Thank you Kurt. Archaeology projects like this probably promise more than anything else to further what we understand about 17th and 18th century ships at this point. And while individual wrecks frequently tell us relatively little about hull design and construction, the aggregate of all that data is something we very much need in order to have any chance of seeing trends and patterns (or their absence).
Our overall aim is to be an open, yet quality medium for furthering substantive inquiry within the rich field of maritime affairs among a growing number of scholars.
In 1782 the 28-gun, sixth-rate frigate HMS Solebay was destroyed by her crew to prevent her capture by the French in a naval engagement off the island of Nevis. In 2010, 228 years after her destruction, a small team of researchers located Solebay’s remains. A year later underwater archaeologist Chris Cartellone studied the site to see what the material culture remaining on the sea floor could tell us about the past. Cartellone shared his experiences through his online project journal “Nevis Shipwrecks: Project Solebay” on the Museum of Underwater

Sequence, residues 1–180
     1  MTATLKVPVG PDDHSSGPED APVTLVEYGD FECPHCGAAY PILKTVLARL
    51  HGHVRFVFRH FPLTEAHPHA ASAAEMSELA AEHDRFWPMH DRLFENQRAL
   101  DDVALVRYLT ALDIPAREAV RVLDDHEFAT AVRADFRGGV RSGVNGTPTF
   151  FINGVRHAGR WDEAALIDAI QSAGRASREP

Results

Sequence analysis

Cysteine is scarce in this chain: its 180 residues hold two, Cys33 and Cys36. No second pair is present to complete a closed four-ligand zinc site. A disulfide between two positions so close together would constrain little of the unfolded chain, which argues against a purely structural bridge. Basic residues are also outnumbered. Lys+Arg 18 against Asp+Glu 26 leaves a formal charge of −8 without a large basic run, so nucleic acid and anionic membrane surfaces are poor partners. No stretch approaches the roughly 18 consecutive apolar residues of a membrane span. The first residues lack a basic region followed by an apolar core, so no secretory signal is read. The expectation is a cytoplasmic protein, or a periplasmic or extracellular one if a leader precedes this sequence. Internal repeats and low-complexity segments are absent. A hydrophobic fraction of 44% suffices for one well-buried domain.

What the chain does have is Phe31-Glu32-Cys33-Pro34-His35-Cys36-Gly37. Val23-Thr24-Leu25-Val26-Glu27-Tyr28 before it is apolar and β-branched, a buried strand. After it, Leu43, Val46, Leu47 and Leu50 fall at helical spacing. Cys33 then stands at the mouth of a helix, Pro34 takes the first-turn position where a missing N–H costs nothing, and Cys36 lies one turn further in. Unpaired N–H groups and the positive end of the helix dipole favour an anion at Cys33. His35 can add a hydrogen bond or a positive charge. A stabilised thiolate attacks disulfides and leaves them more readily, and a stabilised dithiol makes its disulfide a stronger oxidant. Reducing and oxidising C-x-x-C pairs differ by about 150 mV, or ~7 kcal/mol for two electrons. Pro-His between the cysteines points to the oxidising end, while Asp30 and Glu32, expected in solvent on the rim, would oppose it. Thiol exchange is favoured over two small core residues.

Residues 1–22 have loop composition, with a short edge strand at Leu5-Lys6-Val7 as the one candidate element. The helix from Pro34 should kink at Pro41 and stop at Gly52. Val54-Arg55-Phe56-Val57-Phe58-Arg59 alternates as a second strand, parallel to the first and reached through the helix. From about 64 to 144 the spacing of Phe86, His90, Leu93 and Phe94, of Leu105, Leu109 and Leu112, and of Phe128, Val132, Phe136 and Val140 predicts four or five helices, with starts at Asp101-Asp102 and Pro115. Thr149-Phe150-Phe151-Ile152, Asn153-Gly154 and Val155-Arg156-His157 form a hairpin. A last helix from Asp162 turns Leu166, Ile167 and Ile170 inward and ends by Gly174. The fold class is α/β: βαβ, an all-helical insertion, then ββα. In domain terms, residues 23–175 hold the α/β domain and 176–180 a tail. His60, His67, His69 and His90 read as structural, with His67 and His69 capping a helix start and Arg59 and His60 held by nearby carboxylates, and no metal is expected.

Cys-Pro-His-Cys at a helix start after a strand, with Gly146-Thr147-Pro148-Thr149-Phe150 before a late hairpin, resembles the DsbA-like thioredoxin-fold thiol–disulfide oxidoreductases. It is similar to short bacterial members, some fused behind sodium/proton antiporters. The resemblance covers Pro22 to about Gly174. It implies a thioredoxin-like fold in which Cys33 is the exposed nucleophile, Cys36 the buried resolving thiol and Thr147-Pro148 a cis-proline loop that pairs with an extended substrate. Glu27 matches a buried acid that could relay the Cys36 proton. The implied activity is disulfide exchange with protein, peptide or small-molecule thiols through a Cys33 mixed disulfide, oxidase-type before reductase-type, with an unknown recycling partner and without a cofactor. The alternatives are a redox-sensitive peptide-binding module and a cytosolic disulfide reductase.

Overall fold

CFP: Space, place, and landscape in the history of communications, a one-day symposium at the Weston Library, University of Oxford, Tuesday 16 June 2015.
The following reviews were posted to various H-Net web sites between 02 Mar 2015 and 09 Mar 2015 and may be of interest to H-Maritime members.
Reviewed for H-War by Harold Winton
Bartsch, William H.. _Victory Fever on Guadalcanal: Japan's First
Land Defeat of World War II_. Williams-Ford Texas A&M University
Military History Series. College Station: Texas A&M University
Press, 2014. 360 pp. $35.00, ISBN 978-1-62349-184-0.